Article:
Vice President Pence is quietly becoming a foreign policy power player

But Pence’s growing influence on foreign policy is increasingly evident. The vice president was deployed to Europe last month to reassure allies that the United States will stay committed to alliances such as NATO, despite President Trump’s calls for Europeans to pay more for common defense. During Japanese Prime Minister Shinzo Abe’s recent visit, Trump announced that Pence and his Japanese counterpart would lead a new dialogue on U.S.-Japan economic cooperation…

Inside the White House, Pence is in the room during most of the president’s interactions with world leaders. He receives the presidential daily brief. As head of the transition, he was instrumental in bringing several traditionally hawkish Republicans into the top levels of the administration’s national security team, including Director of National Intelligence-designate Dan Coats, CIA Director Mike Pompeo and U.N. Ambassador Nikki Haley.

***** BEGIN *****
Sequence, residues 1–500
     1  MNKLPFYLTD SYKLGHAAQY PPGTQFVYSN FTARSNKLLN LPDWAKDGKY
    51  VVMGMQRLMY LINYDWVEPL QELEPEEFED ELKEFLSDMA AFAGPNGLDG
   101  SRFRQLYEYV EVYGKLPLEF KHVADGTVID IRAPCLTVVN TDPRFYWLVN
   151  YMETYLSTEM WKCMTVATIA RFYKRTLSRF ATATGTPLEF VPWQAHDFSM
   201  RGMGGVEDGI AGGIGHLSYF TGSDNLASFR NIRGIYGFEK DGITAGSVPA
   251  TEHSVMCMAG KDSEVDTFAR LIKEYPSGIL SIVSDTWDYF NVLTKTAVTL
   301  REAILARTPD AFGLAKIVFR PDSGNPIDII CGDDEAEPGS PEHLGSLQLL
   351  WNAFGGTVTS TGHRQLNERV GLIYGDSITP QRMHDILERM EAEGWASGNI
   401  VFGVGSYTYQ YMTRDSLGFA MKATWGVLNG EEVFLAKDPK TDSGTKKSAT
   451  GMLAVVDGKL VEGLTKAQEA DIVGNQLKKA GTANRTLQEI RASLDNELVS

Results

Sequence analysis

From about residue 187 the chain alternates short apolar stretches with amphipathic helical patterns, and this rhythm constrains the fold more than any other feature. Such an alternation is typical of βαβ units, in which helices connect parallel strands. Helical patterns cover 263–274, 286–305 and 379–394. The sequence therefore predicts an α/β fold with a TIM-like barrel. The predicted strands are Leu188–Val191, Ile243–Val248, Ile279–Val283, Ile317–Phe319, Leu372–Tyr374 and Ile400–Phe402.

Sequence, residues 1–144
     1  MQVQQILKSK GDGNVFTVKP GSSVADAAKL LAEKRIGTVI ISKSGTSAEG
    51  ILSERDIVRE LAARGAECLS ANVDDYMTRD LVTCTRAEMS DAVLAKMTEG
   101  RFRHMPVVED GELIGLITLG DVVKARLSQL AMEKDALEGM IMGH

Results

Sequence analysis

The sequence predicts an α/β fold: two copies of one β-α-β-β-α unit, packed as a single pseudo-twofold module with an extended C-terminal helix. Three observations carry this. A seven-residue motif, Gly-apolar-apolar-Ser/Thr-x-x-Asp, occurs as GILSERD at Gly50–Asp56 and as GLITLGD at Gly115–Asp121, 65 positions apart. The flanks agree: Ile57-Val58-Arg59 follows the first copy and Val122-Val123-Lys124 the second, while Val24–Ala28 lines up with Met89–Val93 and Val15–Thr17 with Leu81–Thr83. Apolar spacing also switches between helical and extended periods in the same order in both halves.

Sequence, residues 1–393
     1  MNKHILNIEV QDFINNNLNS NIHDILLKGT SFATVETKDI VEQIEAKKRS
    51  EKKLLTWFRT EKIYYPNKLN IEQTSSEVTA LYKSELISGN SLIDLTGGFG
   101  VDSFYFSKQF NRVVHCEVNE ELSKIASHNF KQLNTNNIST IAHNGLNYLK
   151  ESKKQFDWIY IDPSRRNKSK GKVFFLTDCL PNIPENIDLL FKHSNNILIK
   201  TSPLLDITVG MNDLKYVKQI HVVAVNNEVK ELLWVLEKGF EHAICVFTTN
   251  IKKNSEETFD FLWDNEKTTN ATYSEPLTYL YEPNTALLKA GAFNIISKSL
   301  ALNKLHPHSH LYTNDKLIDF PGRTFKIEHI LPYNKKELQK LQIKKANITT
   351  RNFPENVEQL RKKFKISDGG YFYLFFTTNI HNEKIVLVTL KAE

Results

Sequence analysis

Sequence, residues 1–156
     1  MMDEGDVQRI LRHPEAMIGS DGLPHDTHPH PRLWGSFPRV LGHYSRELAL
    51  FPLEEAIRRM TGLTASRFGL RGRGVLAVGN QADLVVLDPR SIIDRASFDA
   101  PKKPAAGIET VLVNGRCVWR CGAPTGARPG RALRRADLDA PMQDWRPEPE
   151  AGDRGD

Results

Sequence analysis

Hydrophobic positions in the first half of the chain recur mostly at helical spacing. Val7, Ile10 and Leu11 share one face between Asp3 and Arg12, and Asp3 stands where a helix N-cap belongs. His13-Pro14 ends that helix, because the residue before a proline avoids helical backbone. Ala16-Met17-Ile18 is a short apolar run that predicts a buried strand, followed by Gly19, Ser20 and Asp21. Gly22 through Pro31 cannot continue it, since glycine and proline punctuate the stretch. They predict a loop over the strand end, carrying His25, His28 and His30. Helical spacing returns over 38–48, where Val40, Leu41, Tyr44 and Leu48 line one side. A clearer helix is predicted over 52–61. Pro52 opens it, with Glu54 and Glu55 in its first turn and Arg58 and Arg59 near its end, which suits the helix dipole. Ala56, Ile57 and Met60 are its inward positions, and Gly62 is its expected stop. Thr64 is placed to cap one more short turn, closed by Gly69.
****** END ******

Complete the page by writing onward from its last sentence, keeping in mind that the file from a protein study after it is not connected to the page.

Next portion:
Trump and Pence met with Haley last week just before the United States decided to confront Russia and the Syrian regime at the U.N. Security Council about Syrian President Bashar al-Assad’s use of chemical weapons. The move seems to run counter to the White House’s drive to warm relations with Moscow, but Trump decided, with Pence’s support, that it was important and necessary, officials said.

Pence’s national security team is also in place and humming. Just days after the inauguration, Pence announced that he had brought on Andrea Thompson as his national security adviser. A former military intelligence officer with extensive combat zone experience, she also worked for the House Homeland Security and Foreign Affairs committees. Most recently, she worked for the firm run by retired Gen. Stanley McChrystal.

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